Talent Management Handbook Job Analysis Research Proposal

Length: 5 pages Subject: Careers Type: Research Proposal Paper: #52075945 Related Topics: Job Satisfaction, Job Description, Book Of Job, Break Even Analysis
Excerpt from Research Proposal :

Others -- other components of job specification are recurrent from the previous sections and may include the title of the position, ordinary and extraordinary characteristics required from the occupant of the position, the main tasks of the job, or the expertise required from the candidate

4. Job Design

Introduction to Job Design

A major part in conducting a proper process of talent management is that of creating an adequate environment in which the organizational staff members feel free to professionally express themselves. It is crucial to set the basis of an environment which fosters creativity, originality, hard work, collaboration and even competition. A working medium in which the employees are encouraged to express their views, opinions, satisfactions and dissatisfactions related to the job they are performing or the workplace is often promoted as an organizational incentive. Modern day companies forward the idea of a pleasant working environment as a means of attracting more employees and improving their reputation.

Examples from Today's Corporations

The Starbucks website for instance states that while being an employee within the coffee monolith, "it's like working with friends."

Another example, whilst the list is extremely comprehensive and a few pages would be insufficient to simply state them, is given by Wal-Mart, the largest retailer within the United States. Their website argues that "as our more than 2.1 million associates can attest, working for Wal-Mart is the chance to be a part of a company unlike any other in the world. it's more than a job; it's a place to develop your skills and build a career with competitive pay and health benefits for you and your family. To work for Wal-Mart is to be welcomed into a diverse family, where the individual contributions of every associate are respected and valued. Above all, it's an opportunity to join a team 1.9 million strong who is helping the world live better every day."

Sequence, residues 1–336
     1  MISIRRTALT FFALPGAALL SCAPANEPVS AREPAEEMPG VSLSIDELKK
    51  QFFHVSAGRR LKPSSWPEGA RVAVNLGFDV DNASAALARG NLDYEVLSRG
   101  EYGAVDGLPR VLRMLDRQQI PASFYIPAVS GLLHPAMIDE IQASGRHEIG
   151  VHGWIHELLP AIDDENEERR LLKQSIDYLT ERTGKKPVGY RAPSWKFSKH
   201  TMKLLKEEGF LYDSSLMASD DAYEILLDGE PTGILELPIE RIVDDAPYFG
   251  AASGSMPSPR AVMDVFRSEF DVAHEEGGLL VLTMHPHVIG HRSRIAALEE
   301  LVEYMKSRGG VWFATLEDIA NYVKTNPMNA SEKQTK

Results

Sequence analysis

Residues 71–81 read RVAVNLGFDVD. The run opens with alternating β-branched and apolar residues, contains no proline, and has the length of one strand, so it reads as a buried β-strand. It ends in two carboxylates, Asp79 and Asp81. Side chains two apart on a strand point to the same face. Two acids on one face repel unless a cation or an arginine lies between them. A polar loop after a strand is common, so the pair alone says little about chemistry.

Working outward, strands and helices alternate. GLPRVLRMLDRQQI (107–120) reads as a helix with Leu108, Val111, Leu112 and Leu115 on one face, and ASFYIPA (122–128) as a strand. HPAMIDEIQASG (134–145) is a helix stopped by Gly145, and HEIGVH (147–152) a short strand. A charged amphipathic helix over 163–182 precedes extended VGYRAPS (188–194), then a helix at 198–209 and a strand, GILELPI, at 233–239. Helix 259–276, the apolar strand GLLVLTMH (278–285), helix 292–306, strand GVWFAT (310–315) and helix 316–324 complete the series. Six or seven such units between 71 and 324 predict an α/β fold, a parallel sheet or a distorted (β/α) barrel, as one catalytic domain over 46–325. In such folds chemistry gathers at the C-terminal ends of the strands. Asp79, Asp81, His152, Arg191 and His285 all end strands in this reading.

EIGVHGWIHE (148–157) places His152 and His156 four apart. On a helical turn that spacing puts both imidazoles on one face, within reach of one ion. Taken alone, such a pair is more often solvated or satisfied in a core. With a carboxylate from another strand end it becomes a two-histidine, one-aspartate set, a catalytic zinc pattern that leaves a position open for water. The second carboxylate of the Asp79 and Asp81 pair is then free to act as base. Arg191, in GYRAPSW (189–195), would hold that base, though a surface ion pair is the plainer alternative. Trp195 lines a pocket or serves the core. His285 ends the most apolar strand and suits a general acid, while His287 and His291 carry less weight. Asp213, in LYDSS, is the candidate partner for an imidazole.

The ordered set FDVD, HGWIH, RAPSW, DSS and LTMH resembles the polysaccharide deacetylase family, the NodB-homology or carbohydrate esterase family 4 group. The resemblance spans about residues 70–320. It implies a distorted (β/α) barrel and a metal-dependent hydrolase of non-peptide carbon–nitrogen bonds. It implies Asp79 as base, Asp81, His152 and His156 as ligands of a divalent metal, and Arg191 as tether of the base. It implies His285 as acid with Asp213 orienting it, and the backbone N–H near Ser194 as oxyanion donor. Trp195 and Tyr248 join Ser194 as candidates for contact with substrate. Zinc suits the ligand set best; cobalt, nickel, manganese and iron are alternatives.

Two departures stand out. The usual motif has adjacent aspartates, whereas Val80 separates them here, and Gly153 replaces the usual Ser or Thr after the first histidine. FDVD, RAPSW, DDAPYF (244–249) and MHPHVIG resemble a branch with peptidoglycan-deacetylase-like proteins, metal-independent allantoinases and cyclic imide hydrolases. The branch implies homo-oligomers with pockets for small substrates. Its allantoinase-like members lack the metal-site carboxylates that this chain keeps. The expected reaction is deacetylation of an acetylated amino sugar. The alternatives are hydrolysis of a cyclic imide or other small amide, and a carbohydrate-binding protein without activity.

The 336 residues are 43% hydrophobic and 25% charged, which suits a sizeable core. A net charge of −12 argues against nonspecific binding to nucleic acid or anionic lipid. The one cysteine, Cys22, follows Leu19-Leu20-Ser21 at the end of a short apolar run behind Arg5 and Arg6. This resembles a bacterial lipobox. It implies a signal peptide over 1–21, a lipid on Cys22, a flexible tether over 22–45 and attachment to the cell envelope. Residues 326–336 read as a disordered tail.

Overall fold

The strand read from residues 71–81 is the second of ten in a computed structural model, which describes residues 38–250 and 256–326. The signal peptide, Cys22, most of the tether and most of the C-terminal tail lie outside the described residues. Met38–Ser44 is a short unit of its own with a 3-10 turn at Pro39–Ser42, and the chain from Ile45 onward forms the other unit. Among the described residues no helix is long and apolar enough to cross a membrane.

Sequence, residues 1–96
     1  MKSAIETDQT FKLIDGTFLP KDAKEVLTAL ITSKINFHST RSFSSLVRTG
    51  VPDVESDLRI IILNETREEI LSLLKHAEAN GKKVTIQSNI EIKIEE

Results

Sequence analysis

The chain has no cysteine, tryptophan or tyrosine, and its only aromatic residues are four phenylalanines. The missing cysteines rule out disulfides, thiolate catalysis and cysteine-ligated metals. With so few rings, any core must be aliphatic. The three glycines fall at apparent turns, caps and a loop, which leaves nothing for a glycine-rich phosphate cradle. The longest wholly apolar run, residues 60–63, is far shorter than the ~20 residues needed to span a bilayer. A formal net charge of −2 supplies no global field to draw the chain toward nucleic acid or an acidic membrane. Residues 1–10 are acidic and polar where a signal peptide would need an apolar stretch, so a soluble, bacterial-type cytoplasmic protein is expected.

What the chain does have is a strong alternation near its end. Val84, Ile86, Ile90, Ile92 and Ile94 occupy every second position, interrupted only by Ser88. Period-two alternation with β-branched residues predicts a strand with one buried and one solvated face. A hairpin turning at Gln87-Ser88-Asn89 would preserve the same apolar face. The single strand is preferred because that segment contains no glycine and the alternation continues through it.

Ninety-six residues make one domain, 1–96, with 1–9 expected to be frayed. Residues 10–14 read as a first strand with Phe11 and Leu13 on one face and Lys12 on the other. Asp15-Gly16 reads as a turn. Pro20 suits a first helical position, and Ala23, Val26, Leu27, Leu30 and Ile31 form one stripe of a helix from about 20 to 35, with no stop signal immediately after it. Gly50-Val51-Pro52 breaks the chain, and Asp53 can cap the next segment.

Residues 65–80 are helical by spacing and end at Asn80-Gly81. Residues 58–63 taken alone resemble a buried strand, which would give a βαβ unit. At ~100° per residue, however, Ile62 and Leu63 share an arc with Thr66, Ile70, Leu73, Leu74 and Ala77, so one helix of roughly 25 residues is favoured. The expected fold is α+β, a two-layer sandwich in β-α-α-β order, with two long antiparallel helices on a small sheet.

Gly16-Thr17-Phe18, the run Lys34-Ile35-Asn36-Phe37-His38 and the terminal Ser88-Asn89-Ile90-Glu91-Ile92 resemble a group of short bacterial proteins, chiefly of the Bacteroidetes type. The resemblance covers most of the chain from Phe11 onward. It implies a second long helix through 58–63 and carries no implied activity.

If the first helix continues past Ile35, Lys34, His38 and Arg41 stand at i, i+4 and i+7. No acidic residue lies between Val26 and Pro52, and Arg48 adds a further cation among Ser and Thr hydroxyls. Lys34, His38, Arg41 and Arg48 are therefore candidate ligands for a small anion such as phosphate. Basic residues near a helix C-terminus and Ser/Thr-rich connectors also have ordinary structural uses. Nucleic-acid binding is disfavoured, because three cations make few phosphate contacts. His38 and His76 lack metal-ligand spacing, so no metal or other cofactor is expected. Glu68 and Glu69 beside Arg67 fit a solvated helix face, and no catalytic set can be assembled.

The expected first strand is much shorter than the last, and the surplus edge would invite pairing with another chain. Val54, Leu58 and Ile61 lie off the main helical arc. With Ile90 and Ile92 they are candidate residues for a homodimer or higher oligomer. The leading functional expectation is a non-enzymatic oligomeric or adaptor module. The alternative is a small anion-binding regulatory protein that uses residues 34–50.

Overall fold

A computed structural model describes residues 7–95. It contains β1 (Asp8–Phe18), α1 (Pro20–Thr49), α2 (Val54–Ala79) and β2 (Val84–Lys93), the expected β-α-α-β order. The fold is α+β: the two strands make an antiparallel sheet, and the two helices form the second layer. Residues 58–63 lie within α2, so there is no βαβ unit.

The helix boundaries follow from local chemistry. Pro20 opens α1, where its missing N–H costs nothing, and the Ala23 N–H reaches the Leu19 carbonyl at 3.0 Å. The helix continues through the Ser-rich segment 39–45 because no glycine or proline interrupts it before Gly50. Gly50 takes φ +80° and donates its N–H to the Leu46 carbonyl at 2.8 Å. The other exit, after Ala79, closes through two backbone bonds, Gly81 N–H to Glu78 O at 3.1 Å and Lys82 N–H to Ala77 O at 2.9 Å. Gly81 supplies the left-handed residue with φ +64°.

Organizational leaders engage in processes of job design as a means of increasing company results. The relationship between job design and organizational outcomes is simply portrayed below:

Job Design -- > Employee motivation and on-the-job satisfaction -- > Higher levels of employee performances -- > Increased organizational revenues

The specialized literature offers a multitude of definitions of job design, but all of these definitions state the same things, within a different formulation however. For didactical purposes, we will hereby define the concept of job design as the series of operations undertaken by organizational leaders with the threefold objective of maximizing the utility of the consumed resources, increasing organizational revenues and creating a working environment which fosters productive activities on the part of the staff members.

How to Create Job Design

There are four generally recognized ways of achieving an adequate job design:

job enlargement -- sees that the employee will be asked to perform a wider palette of tasks, with the purpose of increasing his motivation, as well as reducing monotony job simplification -- this technique sees that the overall task is broken into smaller chores which require reduced mental and physical effort job enrichment -- similar to job enlargement, the enrichment assigns more tasks to the employee with the purpose of increasing his responsibilities; this procedure grants the staff member with more autonomy and control and increases his level of on-the-job satisfaction job rotation -- this technique sees that the company employees perform more tasks on a rotary basis in order to reduce the chances of going into a rut, as well as ensuring training in more than one fields

Two Factor Theory in Job Design

Frederick Irving Herzberg was a psychologist most famous for his work within the motivational field. Herzberg was in fact the creator of the concept of job enrichment and of the popular motivator-hygiene theory. According to the psychologist, people are motivated by two sets of incentives. The first set is called motivators and the second set is called hygiene. The motivators are the ones with the highest powers in actually changing the behavior of staff members in the direction desired by

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